Human Genetics

, Volume 117, Issue 4, pp 329–339 | Cite as

Microsatellite variation and evolution of human lactase persistence

  • Margarida Coelho
  • Donata Luiselli
  • Giorgio Bertorelle
  • Ana Isabel Lopes
  • Susana Seixas
  • Giovanni Destro-Bisol
  • Jorge Rocha
Original Investigation

Abstract

The levels of haplotype diversity within the lineages defined by two single-nucleotide polymorphisms (SNPs) (−13910 C/T and −22018 G/A) associated with human lactase persistence were assessed with four fast-evolving microsatellite loci in 794 chromosomes from Portugal, Italy, Fulbe from Cameroon, São Tomé and Mozambique. Age estimates based on the intraallelic microsatellite variation indicate that the −13910*T allele, which is more tightly associated with lactase persistence, originated in Eurasia before the Neolithic and after the emergence of modern humans outside Africa. We detected significant departures from neutrality for the −13910*T variant in geographically and evolutionary distant populations from southern Europe (Portuguese and Italians) and Africa (Fulbe) by using a neutrality test based on the congruence between the frequency of the allele and the levels of intraallelic variability measured by the number of mutations in adjacent microsatellites. This result supports the role of selection in the evolution of lactase persistence, ruling out possible confounding effects from recombination suppression and population history. Reevaluation of the available evidence on variation of the −13910 and −22018 loci indicates that lactase persistence probably originated from different mutations in Europe and most of Africa, even if 13910*T is not the causal allele, suggesting that selective pressure could have promoted the convergent evolution of the trait. Our study shows that a limited number of microsatellite loci may provide sufficient resolution to reconstruct key aspects of the evolutionary history of lactase persistence, providing an alternative to approaches based on large numbers of SNPs.

Notes

Acknowledgements

We thank Luís Pedro Resende and Cinzia Battaggia for assistance in typing the Portuguese and Italian samples, respectively. We are also grateful to Gabriella Spedini for the Fulbe DNA samples and to António Prista and Sílvio Saranga for the Mozambique samples. We thank Eduardo Tarazona-Santos and Nuno Ferrand for comments on the manuscript. This research was supported by the Sociedade Portuguesa de Gastrenterologia and by the Fundação para a Ciência e a Tecnologia (grants POCTI/42510/ANT/2001 and POCTI/BIA-BDE/56654/2004). D.L. and G.D.B. were supported by the M.I.U.R. (grant numbers 2003054059 and 2005058414).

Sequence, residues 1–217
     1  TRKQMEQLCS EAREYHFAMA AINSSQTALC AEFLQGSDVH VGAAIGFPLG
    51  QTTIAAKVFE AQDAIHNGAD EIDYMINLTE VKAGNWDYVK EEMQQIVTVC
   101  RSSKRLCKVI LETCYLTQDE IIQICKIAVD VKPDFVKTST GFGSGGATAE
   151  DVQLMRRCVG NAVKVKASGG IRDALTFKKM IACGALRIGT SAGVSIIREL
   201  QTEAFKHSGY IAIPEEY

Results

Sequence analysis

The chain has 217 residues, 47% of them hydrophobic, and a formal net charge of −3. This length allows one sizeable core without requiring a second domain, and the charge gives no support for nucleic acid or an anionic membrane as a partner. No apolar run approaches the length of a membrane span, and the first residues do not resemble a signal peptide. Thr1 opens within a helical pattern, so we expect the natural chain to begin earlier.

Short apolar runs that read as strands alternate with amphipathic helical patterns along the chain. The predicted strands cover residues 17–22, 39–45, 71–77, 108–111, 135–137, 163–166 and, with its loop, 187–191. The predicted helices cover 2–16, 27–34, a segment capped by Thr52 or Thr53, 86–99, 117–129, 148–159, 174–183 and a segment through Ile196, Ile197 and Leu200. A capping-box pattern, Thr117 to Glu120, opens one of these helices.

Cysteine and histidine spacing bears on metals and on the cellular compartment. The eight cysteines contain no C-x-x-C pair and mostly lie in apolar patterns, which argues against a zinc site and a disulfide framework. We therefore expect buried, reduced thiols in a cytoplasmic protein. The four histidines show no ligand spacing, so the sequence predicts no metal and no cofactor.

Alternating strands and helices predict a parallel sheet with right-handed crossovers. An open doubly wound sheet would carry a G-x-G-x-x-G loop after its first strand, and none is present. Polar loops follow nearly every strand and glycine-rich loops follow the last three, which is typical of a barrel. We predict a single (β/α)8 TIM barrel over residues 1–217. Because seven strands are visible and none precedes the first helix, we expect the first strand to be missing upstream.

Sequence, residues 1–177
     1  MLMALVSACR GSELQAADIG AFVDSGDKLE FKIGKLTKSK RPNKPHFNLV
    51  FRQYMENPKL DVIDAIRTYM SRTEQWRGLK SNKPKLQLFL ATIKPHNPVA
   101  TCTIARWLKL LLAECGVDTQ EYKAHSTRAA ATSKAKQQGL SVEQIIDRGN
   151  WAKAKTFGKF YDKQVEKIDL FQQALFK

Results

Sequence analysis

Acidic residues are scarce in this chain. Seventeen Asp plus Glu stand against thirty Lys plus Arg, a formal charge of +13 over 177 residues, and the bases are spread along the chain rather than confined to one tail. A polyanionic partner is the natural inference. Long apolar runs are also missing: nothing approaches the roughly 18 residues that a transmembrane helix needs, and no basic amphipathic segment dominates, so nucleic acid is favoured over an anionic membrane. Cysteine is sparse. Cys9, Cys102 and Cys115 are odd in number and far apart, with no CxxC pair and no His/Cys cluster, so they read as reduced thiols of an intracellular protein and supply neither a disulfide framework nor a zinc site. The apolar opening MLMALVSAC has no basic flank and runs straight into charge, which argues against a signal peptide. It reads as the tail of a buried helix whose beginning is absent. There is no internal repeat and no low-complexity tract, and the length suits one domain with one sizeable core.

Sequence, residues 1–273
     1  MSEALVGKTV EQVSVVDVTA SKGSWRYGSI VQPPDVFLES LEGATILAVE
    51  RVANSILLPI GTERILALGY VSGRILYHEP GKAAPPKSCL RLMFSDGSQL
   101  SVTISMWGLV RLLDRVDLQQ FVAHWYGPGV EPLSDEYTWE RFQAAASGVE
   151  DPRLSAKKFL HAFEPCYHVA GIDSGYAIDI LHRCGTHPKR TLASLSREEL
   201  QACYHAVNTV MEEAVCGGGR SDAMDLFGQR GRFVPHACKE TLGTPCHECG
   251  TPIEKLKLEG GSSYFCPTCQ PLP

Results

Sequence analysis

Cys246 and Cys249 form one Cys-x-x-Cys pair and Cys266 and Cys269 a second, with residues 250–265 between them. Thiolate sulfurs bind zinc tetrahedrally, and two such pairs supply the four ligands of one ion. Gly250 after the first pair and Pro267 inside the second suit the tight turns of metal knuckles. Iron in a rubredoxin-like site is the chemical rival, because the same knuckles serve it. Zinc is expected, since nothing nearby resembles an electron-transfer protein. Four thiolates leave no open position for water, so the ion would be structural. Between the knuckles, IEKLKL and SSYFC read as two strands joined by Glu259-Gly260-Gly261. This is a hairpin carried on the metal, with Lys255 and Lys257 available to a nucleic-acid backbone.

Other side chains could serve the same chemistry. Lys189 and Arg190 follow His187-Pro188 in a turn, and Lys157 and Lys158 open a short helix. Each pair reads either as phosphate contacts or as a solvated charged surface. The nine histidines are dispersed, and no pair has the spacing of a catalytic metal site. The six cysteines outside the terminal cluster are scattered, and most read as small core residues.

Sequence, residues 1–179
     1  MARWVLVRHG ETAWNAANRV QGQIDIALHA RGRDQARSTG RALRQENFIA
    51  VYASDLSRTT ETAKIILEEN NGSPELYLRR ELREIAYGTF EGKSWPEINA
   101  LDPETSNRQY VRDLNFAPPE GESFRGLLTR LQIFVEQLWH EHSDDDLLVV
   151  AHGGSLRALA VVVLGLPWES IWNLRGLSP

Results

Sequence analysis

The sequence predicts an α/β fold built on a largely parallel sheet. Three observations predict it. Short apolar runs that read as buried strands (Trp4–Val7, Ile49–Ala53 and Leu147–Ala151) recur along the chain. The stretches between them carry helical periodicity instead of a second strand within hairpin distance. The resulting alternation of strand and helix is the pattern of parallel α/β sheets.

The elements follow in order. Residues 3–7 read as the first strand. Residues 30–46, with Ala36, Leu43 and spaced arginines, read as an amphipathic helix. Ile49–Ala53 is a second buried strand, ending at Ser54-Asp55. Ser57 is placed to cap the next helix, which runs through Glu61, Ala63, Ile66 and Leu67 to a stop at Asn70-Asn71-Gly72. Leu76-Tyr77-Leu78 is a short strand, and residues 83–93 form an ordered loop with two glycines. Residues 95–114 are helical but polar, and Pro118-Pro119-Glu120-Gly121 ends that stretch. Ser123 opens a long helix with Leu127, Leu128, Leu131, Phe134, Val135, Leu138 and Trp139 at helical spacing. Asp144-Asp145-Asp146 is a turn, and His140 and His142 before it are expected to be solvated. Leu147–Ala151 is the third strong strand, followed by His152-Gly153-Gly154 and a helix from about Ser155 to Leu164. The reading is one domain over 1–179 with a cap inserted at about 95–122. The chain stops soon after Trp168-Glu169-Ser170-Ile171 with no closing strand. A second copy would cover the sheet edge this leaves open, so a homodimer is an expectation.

Supplementary material

Table S1 Distribution of phased haplotypes consisting of the -13.910 kb C/T and -22.018 kb G/A SNPs and microsatellites D2S3010, D2S3013, D2S3015 and D2S3016

439_2005_1322_ESM_table1.pdf (192 kb)
(PDF 192 KB)

Fig. S1 Microsatellite allele frequency distributions within C-G and T-A haplotypes defined by –13.910kb/-22.018kb SNPs in different populations

439_2005_1322_ESM_fig1.pdf (63 kb)
(PDF 63 KB)

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Copyright information

© Springer-Verlag 2005

Authors and Affiliations

  • Margarida Coelho
    • 1
    • 2
  • Donata Luiselli
    • 3
  • Giorgio Bertorelle
    • 4
  • Ana Isabel Lopes
    • 5
  • Susana Seixas
    • 1
  • Giovanni Destro-Bisol
    • 6
    • 7
  • Jorge Rocha
    • 1
    • 2
  1. 1.Instituto de Patologia e Imunologia Molecular da Universidade do Porto (IPATIMUP)PortoPortugal
  2. 2.Departamento de Zoologia Antropologia, Faculdade de CiênciasUniversidade do PortoPortoPortugal
  3. 3.Dipartimento di Biologia Evoluzionistica SperimentaleUniversita di BolognaBolognaItalia
  4. 4.Sezione di Biologia Evolutiva, Dipartimento di BiologiaUniversitá di FerraraFerraraItalia
  5. 5.Unidade de Gastrenterologia Pediátrica, Hospital de Santa MariaLisbonPortugal
  6. 6.Dipartimento di Biologia Animale e dell’ UomoUniversitá “La Sapienza”RomeItaly
  7. 7.Istituto Italiano di AntropologiaRomeItaly

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